The two leading Democratic candidates for governor took different approaches Wednesday to pocketbook issues, such as how to pay for the rising cost of college and easing highway congestion in an appearance before the editorial board of The Dallas Morning News.
On college tuition, former Dallas County Sheriff Lupe Valdez proposed to reverse the Legislature’s 2003 decision to let state schools set their own rates and fees. She said lawmakers, aided by experts, should again set tuition. But she offered few details.
“I think we would have to just set a wage, or set a standard to which would be fair all across the state,” Valdez said. “There’s tuition in some schools that are a lot higher than others. We should look at the experts in education and have them help us stair step, or set a standard in tuition. You can’t do this on your own.”
Houston investor Andrew White stopped short of supporting re-regulation of tuition. But he said that if elected, “at the very minimum” he would press lawmakers to pass a law requiring state universities and colleges to guarantee tuition for an entering student stayed the same for four years.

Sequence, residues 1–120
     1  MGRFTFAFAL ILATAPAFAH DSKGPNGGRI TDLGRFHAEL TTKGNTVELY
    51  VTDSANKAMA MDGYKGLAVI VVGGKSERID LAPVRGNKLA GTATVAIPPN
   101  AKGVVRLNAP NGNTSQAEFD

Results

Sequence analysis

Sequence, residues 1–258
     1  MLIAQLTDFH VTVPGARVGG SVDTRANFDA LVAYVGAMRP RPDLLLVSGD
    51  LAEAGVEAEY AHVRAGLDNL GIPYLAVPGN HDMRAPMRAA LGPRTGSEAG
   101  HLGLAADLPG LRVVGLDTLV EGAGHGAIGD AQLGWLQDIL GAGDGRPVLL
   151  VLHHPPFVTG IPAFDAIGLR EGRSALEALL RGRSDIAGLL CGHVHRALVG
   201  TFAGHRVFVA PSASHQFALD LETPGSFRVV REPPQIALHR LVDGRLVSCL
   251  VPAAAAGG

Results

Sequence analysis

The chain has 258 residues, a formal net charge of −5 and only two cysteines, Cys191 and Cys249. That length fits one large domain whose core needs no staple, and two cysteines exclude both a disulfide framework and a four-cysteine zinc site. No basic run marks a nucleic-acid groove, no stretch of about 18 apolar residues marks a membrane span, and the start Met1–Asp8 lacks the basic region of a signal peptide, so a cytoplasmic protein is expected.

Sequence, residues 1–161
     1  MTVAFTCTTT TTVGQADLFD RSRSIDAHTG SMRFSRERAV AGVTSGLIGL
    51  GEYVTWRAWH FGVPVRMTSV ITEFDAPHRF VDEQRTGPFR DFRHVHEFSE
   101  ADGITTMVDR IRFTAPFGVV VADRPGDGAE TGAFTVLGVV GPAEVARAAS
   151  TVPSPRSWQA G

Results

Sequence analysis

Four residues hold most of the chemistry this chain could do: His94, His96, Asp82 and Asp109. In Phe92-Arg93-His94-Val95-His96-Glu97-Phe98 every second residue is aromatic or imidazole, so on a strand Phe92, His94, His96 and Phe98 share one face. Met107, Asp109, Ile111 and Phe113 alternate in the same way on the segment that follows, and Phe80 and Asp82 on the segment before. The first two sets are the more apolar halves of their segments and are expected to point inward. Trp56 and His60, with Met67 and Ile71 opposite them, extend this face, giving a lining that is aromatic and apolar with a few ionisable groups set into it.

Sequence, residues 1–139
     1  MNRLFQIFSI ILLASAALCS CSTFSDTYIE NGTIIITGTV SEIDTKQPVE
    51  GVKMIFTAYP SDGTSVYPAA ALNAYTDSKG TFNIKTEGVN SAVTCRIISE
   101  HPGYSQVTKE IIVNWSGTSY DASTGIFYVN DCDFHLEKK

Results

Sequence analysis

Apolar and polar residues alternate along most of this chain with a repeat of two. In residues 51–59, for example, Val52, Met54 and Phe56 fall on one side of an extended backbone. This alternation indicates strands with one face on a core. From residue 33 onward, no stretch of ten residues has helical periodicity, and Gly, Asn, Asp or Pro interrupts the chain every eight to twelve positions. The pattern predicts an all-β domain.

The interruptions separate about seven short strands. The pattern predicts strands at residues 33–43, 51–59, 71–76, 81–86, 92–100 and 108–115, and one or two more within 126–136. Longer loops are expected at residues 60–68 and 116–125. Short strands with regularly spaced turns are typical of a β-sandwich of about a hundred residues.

“They better graduate in four years because after that, we’re not going to freeze it,” he said.
White said the source of the problem is reduced state funding of higher education. However, he offered no details on how he’d find more money for public colleges and universities.
Valdez, White and four other Democrats fielded questions about education, taxes, social issues and how as a member of the